Today we’re taking a look at a little something for the ladies: Sword & Sorceress 33! I’d heard of the anthology before, but I wasn’t aware of the history of the publication. Check out the primer below, which I shamelessly pulled from Wikipedia:
The Sword and Sorceress series is a series of fantasy anthologies originally edited by Marion Zimmer Bradley, and originally published by DAW Books. As she explained in the foreword to the first volume, she created the anthology to redress the lack of strong female protagonists in the subgenre of sword and sorcery. At the time, most female characters in sword and sorcery were little more than stock damsels in distress, or pawns who were distributed at the conclusion of the story as “bad-conduct prizes” (Bradley’s term) for the male protagonists.
- In their own words: “Stories should be the type generally referred to as “sword and sorcery” and must have a strong female protagonist whom the reader will care about…We are willing to consider stories set in modern times (urban fantasy), but we don’t buy more than one or two of those for the anthology. We always want something short and funny for the last story.”
- Genres they accept: Fantasy, and occasionally urban fantasy. Sword and Sorcery preferred, obviously.
- What NOT to send: “We do not want stories with explicit sex, gratuitous violence, or profanity. We are NOT a market for poetry, horror, or dark fantasy.”
- Word count limit: 9,000 words or less. “Preference given to shorter stories. The longer a story is, the better it has to be. Long stories should be submitted early in the reading period.”
- Payment: $0.06 per word as an advance against a pro rata share of royalties and foreign or other sales.
- Simultaneous Submissions*: No.
- Multiple Submissions**: “With regard to multiple submissions, do not submit more than one story at a time. If we’ve rejected your first one, you may send one more, as long as it’s before the deadline. We have occasionally bought someone’s second submission. We have never bought a third, fourth, fifth, sixth, seventh, or eighth submission. If you send us two stories, and we don’t hold either of them, wait until next year to try again. Please do not re-submit stories we have already rejected (including stories rejected in previous years).”
- Reprints: No.
- Schedule: Monday, April 23 to Sunday, May 13, 2018. Stories received before or after this period will be deleted unread.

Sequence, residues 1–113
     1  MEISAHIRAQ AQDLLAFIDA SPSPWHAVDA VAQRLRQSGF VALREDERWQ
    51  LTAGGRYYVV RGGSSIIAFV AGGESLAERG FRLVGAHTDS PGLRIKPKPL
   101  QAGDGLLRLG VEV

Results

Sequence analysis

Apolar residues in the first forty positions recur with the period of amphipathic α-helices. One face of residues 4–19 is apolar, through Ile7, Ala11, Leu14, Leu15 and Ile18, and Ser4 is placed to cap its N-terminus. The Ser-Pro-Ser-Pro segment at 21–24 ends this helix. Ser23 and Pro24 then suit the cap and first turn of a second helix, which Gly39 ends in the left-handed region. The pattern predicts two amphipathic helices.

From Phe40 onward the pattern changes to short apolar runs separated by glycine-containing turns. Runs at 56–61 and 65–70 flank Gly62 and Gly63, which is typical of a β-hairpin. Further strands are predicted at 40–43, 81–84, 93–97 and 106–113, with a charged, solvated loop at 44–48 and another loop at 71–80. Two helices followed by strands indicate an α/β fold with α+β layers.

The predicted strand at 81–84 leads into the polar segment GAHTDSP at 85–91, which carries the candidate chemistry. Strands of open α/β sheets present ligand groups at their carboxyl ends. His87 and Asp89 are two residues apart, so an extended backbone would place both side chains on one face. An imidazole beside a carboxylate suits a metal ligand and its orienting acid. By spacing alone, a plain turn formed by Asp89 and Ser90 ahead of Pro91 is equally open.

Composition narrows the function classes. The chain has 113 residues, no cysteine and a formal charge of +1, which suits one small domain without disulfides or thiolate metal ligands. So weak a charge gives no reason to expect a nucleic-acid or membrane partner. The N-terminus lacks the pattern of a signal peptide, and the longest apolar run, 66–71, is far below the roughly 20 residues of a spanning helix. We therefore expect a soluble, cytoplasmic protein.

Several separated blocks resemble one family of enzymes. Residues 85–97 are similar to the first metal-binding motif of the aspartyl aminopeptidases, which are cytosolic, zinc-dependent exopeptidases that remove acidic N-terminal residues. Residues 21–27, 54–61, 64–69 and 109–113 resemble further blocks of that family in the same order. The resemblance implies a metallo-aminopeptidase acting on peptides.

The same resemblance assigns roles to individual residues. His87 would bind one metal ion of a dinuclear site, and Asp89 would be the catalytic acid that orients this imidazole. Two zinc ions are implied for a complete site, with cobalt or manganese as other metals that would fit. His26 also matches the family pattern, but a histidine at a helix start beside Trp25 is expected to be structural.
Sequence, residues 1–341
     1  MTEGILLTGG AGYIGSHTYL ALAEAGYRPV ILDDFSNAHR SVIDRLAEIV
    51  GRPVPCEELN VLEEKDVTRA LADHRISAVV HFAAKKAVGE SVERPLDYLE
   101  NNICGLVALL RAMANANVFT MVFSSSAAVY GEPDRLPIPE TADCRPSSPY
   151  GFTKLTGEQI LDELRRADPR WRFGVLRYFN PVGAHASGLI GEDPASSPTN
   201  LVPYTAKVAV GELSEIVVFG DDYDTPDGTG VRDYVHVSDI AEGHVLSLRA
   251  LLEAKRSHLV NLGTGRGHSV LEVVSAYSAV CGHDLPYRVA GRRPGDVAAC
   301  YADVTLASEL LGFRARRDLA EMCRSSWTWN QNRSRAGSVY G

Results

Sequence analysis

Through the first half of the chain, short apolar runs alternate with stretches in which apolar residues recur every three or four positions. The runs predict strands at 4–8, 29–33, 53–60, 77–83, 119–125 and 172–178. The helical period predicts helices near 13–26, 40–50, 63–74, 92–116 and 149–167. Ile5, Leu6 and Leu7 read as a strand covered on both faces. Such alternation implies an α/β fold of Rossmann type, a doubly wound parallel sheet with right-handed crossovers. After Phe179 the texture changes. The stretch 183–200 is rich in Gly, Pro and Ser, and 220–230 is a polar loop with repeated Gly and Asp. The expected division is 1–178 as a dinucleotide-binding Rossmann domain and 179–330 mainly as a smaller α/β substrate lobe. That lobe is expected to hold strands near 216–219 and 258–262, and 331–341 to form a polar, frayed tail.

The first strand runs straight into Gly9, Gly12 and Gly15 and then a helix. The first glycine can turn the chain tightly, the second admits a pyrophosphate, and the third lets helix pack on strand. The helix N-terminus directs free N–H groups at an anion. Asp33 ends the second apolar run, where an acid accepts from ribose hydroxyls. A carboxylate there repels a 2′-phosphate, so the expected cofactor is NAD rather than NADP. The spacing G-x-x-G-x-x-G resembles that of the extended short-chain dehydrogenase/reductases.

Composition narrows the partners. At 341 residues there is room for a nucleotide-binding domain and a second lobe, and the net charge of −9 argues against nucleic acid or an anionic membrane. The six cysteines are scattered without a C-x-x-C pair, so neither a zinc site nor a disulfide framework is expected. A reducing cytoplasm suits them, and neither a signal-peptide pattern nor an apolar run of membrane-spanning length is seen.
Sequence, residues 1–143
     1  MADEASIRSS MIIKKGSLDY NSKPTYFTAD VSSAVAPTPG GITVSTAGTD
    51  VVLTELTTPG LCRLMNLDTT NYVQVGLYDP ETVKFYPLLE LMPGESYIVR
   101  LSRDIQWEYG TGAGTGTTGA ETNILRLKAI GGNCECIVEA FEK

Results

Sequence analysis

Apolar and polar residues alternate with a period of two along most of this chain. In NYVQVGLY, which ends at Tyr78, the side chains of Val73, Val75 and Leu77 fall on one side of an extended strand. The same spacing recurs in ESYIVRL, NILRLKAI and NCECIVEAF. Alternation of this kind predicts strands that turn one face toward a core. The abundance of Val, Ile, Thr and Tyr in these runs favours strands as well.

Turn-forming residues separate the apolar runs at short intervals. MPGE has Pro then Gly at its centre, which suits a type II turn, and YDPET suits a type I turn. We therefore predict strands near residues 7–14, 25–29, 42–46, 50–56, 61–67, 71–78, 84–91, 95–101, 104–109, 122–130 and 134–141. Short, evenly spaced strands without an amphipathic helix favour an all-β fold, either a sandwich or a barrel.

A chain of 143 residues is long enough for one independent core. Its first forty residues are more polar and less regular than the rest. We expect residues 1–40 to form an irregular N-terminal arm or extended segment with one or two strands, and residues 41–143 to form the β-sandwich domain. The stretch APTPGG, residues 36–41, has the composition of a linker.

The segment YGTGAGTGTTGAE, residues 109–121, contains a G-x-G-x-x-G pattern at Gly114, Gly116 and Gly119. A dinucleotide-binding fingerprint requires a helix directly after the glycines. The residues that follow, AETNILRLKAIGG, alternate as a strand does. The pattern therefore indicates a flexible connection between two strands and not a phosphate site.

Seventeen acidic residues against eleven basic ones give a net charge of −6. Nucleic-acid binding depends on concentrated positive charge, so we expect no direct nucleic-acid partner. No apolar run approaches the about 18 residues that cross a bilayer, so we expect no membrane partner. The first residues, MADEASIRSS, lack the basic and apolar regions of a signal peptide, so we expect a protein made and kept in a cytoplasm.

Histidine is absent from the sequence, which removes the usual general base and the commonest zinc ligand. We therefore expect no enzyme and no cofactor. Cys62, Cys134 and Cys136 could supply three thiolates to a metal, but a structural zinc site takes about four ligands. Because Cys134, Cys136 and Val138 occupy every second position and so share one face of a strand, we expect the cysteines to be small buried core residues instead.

**This means whether you can send them more than one story at at time.Bonus content:The guidelines page has links to two pages by Marion Zimmer Bradley:
The titles are a bit misleading – while they sound like basic tips for new writers, the articles go in-depth regarding what they’re looking for in a story. They include tips on how to read your work critically and revise so that your piece is in its most saleable condition. (I wrote a similar piece in checklist form if you want to check that out.)
Go take a look; anything you can do to read up on the publisher’s preferences will give you a leg up on the competition and help improve your submission preparation for other markets.
Reminders when submitting:
Read the publication: Their published stories are available here. You have no excuse not to do your research and see what kind of style gets their attention. It will also give you an idea of what’s been done before so you don’t end up sending them something too similar.
Read the guidelines: I don’t post everything required for their submissions, just the basics. Furthermore, this is a static post. Publishers change their submission requirements at will so it’s always a good idea to read and re-read them, even if you’ve submitted to them before.
Follow the rules: Do I really need to say this? Don’t send pieces over the word count. Don’t send content they specifically warn against. Don’t send weirdly formatted manuscripts if they give you specific instructions. “But Liz, I–” Nope! No, no, no. If you do not follow the rules you risk being a pariah to that magazine – and worse, editors can exchange notes on who’s being a pain.